Subject: General Tech | June 2, 2017 - 12:54 PM | Jeremy Hellstrom
Tagged: qualcomm, snapdragon 835, x16 LTE
The Register has heard the names of the three vendors that Qualcomm will tap to produce Win10 machines running on their chips. The winners are as expected, Lenovo, HP and ASUS will be licensed to sell these mysterious low powered and extremely mobile devices. Unfortunately that is pretty much all we know, there were no dates nor models announced by Qualcomm or its new partners. We can certainly speculate that these devices will be as thin as the battery will allow, the cooling solution for a Snapdragon can be extremely compact, assume that you will not see any wired NICs as the RJ-45 jack would be thicker than the device. We should be able to assume their will be a headphone jack at least.
"The chipmaker says the three vendors will be making PCs that will sport its Snapdragon 835 SoC (system-on-chip) and its X16 LTE chipset for wireless broadband connectivity. Qualcomm says all of the models will be fanless and will offer all-day battery life."
Here is some more Tech News from around the web:
- AMD sets sights on Nvidia with new entry-level Radeon Pro graphics cards @ The Inquirer
- Crapness of WannaCrypt coding offers hope for ransomware victims @ The Register
- Microsoft rolls out not one but two bad builds to the Windows Insider program @ Ars Technica
- Bank of Canada finds flaws with current blockchain solutions @ The Register
- TThe Computex Taipei 2017 Live Coverage (Day 3) @ TechARP
Subject: General Tech | June 2, 2017 - 01:50 AM | Scott Michaud
Tagged: onelogin, security
If you use OneLogin to manage your passwords, then you will want to check your email, which I’m assuming is they way they’ll contact customers, and see if they have any advice. (Although, now that the attack is public, be careful of spoof emails.) The password management company was recently accessed by a malicious entity, and data was copied. OneLogin claims that they encrypt sensitive data, however they also state that it’s possible the intruder also gained access to the ability to decrypt it, but they also may not have.
The attack occurred on their US-based Amazon Web Services (AWS) instance. Apparently, OneLogin noticed several servers being created without authorization, so they considered those API keys compromised and shut down the servers.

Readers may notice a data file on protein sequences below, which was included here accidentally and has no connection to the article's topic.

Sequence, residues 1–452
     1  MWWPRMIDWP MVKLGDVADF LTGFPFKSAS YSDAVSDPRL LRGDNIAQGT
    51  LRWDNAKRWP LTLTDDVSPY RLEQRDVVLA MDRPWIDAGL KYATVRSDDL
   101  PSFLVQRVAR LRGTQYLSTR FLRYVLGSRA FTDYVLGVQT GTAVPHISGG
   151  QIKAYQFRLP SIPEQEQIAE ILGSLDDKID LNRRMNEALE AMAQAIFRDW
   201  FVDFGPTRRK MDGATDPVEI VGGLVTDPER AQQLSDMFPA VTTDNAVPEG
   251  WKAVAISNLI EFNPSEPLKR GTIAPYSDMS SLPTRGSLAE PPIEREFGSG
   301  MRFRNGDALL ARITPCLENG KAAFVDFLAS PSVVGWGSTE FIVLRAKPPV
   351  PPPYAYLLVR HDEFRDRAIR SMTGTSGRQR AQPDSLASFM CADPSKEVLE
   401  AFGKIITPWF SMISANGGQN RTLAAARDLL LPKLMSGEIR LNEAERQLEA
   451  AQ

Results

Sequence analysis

There’s not much else to report at the moment. Check out the OneLogin blog to see what they find out as they find it out.
Subject: General Tech | June 1, 2017 - 04:22 PM | Tim Verry
Tagged: hyperx, kingston, ddr4, ryzen, x299, overclocking
Kingston’s high-performance division HyperX recently announced the availability of a slew of new Predator DDR4 memory kits based on DIMMs capable of reaching 4,000 MHz at 1.35 volts.
HyperX has added six new speed tiers to the lineup made up of individual DIMMs as well as kits of multiple sticks. Voltage is rated at 1.35V across the lineup. The kits and DIMMs being added to the lineup are listed below along with their rated CAS latencies. They reportedly all support built-in XMP profiles.
- 2,400 MHz at CL12
- 2,666 MHz at CL13
- 3,000 MHz at CL15
- 3,333 MHz at CL16
- 3,600 MHz at CL17
- 4,000 MHz at CL19
The majority of kits top out at 64GB, but HyperX did add a 128GB (eight DIMM) kit running at 3,000 MHz and CL15. At the high end is a single 4,000 MHz 16GB (2x8GB) kit (HX440C19PB3K2/16) running at CL19.
The Tech Report reports that the new kits are available now, but looking around online they do not appear to be listed at retailers quite yet so pricing information is unknown. I would expect the high capacity and high-speed kits to carry a decent premium though!
In any case, if you are in the market for a high-end Ryzen, ThreadRipper, or Skylake-X build these may be worth checking out.
Subject: General Tech | June 1, 2017 - 12:33 PM | Alex Lustenberg
Tagged: x299, WD, VROC, video, Vega, toshiba, Threadripper, snapdragon 835, ryzen mobile, qnap, podcast, nvidia, msi, max-q, Killer xTend, Intel, evga, Core i9, asus, asrock, arm, amd, agesa, a75, A55
PC Perspective Podcast #452 - 01/01/17
Join us for talk about Computex 2017 and more!
The URL for the podcast is: http://pcper.com/podcast - Share with your friends!
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Hosts: Ryan Shrout, Jeremy Hellstrom, Josh Walrath, Allyn Malventano
Peanut Gallery: Alex Lustenberg, Ken Addison
Week in Review:
News items of interest:
0:55:00 RX Vega pushed to end of July (SIGGRAPH), FE on June 27th
Subject: General Tech | June 1, 2017 - 09:00 AM | Ryan Shrout
Tagged: shield, plex server, plex, nvidia, live tv, dvr
We’re pretty big fans of Plex around the PC Perspective offices, using it for storing, accessing and sharing loads of local content to our phones, PCs, consoles and more. (If you haven’t read Jim’s amazing Plex setup story from a couple years ago, do so.) Back in September the company rolled out a beta feature called Plex DVR that was able to record live OTA (over the air) TV directly to your library. There was a very important catch though – you could not watch the content until AFTER the recording was complete, and you had no way to watch the OTA TV channels live.